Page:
Company agrees to more training after short-changing employees more than $2 million

by L&D07 Jun 2016
A mining services company has agreed to commission workplace relations training for all managerial staff with human resource and payroll responsibilities, after it was found to have short-changed 205 employees over four years.

Moreover, the Victorian-based company has also appointed a manager of human resources, safety and training to ensure they are paying employees correctly.

Deepcore Australia Pty Ltd underpaid their workers by $2.09 million at mines in regional Victoria and Queensland between 2010 and 2014. The company will repay more than $2 million to the workers who were short-changed over the four years.

The company blamed the underpayments on their failure to properly understand the arrangements for transitioning to modern Awards, erroneous legal and accounting advice and difficulties that arose with its expanding workforce.

The Fair Work Ombudsman began investigating after receiving requests for assistance from Deepcore employees in August, 2015.

The underpaid workers include current and former employees, who performed drilling duties and maintenance-related trades.

This involved four employees underpaid more than $50,000, 33 workers underpaid more than $20,000 and 99 underpaid more than $5000.

Deepcore has agreed to back-pay the workers as part of an Enforceable Undertaking (EU) it has entered into with the Fair Work Ombudsman.

The back-payment bill is one of the largest ever enforced by the Fair Work Ombudsman, and is a consequence of Deepcore's failure to pay minimum entitlements.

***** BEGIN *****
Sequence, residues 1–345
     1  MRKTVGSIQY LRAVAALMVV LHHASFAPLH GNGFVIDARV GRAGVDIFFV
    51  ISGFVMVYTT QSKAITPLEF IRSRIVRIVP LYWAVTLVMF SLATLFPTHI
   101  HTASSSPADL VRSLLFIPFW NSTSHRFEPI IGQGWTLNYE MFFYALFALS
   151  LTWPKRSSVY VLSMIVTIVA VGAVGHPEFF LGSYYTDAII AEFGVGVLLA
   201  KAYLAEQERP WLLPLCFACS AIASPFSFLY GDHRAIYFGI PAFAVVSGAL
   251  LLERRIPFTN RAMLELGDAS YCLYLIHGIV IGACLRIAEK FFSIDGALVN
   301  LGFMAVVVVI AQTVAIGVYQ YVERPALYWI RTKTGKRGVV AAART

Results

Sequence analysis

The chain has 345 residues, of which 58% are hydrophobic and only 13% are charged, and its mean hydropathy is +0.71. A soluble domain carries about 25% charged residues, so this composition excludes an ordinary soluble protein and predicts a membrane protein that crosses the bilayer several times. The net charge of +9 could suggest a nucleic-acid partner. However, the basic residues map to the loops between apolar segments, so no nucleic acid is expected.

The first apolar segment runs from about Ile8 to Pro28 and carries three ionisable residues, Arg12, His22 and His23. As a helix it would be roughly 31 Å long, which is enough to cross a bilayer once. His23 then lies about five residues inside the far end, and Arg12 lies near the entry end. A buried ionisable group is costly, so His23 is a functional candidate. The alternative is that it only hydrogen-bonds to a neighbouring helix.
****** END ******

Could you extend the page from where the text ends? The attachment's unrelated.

Aside from commissioning workplace relations training, as part of the terms of the EU Deepcore has also agreed to:
  • Donate $15,000 to the Loddon Campaspe Community Legal Centre in regional Victoria;
  • Engage an independent specialist to audit its compliance with wages and work-related entitlements and record-keeping and pay-slip obligations;
  • Set up a dedicated email address for employees with inquiries about underpayments;
  • Apologise to all underpaid employees;
  • Display a workplace notice and a media notice in Melbourne's Herald Sun newspaper detailing the contraventions, the terms of the EU and apologising for its actions;
  • Register with the Fair Work Ombudsman's My Account portal;
  • Upgrade systems and processes to ensure future compliance with workplace laws
The company has already reimbursed more than $1 million to current employees and will re-pay former workers by March, 2017.

Deepcore will also pay workers 1.5% interest on all reimbursements.
 
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